Don and I decided we could successfully produce a “paperback book” priced much less than the current $1.95 to $2.25. All we had to do was get Pauley and NBC to cooperate.

Pauley agreed to the project, because, she told us later, we were Indiana people.

After scheduling interview time with Pauley through NBC’s publicity department, I called her parents in Indianapolis to request a visit before going to New York. They agreed, which was important, because I needed preliminary information about her to form a long list of questions.

The Pauleys were gracious hosts in their neat, modest home on Indianapolis’ east side.  We spent two hours chatting over coffee and cookies.

When I asked about Gary Trudeau, the popular creator and cartoonist of perhaps the No. 1 comic strip in the country, Doonesbury, they politely demurred. Trudeau and Pauley were reportedly dating. They confirmed, however, that Trudeau had visited their home and cooked breakfast one morning.

But I couldn’t use that. Pauley made it clear before our first interview that she would not talk about her most private matters, such as her salary and relationships – which I fully understood and accepted.

As we had done on our Washington project, Chatlosh and I drove to New York, where we got a room at the Americana Hotel, not far from NBC studios.

Before sunrise the next morning, July 11, a security guard greeted us at NBC’s studios located at 30 Rockefeller Center. He checked his clipboard and found “Ray Moscowitz and friend” on it. Minutes later, we were being offered donuts and coffee in the “Green Room” as another Today Show was about to begin.

The show’s weatherman – a fellow who preceded Willard Scott whose name I can’t recall – made us comfortable, explaining things.  As we were watching the opening segments, Tug McGraw, the noted left-handed relief pitcher for the Philadelphia Phillies, appeared.  McGraw, who had become famous as a New York Met when he coined the expression, “You gotta believe,” was scheduled for the show. He was a down-to-earth guy who extended his hand for a shake.  Like most athletes, McGraw faded from public view after his career, but his fame was rekindled later, when it was revealed that noted country singer Tim McGraw was his long-lost son.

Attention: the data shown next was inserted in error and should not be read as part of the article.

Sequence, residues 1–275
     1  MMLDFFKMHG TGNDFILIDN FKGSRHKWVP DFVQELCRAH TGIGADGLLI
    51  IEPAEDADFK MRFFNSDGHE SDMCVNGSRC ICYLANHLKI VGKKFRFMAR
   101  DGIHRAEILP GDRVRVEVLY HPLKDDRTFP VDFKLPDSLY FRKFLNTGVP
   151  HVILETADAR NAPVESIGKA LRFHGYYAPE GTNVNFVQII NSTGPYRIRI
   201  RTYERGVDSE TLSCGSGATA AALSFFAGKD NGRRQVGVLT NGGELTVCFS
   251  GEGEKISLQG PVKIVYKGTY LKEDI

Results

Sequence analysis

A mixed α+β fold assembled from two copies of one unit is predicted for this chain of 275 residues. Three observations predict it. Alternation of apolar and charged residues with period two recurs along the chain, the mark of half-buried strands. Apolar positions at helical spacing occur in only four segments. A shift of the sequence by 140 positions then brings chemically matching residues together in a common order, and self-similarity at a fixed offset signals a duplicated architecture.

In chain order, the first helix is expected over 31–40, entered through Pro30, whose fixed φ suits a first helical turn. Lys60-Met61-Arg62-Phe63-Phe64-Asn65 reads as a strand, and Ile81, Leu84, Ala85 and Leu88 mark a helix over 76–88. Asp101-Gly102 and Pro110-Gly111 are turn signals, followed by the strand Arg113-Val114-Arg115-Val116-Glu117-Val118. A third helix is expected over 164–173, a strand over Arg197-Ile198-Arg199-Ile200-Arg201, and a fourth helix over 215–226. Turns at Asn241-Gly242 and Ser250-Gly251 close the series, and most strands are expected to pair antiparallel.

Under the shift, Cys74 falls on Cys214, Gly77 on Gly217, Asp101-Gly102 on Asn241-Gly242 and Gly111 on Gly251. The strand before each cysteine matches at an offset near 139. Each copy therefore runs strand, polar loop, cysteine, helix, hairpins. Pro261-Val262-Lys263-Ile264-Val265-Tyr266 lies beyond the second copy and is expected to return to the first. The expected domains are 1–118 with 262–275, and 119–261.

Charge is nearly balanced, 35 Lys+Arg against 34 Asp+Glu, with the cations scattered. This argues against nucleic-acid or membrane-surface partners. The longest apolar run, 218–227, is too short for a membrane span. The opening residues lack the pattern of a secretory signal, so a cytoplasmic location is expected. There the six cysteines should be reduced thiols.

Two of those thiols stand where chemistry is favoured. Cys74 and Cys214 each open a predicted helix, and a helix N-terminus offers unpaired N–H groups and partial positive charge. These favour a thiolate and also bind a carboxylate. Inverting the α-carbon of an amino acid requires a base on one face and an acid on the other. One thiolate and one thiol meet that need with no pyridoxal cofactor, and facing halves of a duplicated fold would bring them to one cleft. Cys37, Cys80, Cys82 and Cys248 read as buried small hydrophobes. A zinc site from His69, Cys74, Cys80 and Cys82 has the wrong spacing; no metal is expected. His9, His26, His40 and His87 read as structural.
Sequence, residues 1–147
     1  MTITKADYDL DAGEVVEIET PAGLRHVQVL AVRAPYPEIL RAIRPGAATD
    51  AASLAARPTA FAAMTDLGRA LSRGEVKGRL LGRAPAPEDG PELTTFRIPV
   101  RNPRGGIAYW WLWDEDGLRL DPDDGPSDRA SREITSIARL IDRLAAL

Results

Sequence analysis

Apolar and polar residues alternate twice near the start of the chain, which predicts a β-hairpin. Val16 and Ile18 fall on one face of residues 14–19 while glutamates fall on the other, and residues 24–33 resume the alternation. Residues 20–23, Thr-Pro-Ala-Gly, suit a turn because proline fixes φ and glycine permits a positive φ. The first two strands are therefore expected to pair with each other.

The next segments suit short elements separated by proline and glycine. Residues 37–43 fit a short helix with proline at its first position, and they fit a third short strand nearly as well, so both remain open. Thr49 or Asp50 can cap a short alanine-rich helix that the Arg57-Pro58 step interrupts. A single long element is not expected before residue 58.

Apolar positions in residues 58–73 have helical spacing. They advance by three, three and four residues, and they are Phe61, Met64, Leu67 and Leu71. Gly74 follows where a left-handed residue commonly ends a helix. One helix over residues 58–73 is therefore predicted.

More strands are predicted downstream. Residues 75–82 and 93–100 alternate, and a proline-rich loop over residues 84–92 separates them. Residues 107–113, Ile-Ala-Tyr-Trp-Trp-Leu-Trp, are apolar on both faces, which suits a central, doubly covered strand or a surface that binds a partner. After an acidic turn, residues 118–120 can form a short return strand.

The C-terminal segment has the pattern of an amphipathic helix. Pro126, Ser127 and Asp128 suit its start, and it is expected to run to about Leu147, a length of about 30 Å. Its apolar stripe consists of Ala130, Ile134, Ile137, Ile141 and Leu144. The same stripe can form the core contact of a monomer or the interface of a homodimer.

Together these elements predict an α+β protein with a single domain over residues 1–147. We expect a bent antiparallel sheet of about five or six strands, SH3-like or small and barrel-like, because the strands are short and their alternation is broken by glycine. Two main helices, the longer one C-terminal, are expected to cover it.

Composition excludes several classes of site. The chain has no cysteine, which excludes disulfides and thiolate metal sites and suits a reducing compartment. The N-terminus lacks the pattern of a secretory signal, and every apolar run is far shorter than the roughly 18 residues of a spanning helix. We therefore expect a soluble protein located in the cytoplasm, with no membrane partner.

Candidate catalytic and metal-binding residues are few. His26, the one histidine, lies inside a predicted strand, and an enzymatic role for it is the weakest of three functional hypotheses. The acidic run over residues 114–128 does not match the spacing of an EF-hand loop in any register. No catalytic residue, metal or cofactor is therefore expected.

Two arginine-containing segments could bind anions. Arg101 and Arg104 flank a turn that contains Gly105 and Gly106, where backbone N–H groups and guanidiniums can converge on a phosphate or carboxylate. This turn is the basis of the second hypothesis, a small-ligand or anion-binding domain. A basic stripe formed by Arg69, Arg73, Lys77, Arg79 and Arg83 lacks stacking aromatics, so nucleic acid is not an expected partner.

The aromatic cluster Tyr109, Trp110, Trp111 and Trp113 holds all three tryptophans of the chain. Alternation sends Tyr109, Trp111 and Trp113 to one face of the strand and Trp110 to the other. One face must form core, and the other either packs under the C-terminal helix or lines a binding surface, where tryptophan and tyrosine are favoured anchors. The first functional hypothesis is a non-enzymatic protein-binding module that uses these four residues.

After the show, we joined Pauley in her small office. She was open and animated as Chatlosh took dozens of candid photos. Merv Hendricks, who later designed a sixteen-page tabloid, chose several head shots to form what he called “A Jane Pauley salad” of twelve close-ups that connoted her mannerisms and personality.

During our three days in New York, I interviewed not only Pauley, but others associated with Today.  We chatted with Paul Friedman, the show’s 32-year-old executive producer, in the control room before the first day’s show. An interview with Floyd Kalber, the veteran news reader who worked briefly with Pauley in Chicago before joining the Today crew, produced some telling quotes.

In a column Hendricks wrote after the project was completed, he noted that Don Nixon and I still weren’t sure how to market what we had after Harold and I returned to Wabash.  We would soon find out.

Barbara volunteered to translate several hours of taped interviews, the first step toward getting Pauley’s brief, but attention-grabbing, life on paper. One evening I heard her chuckling.  “Good quote?” I asked, stepping into our home office.

“No,” she responded. “Listen to this.”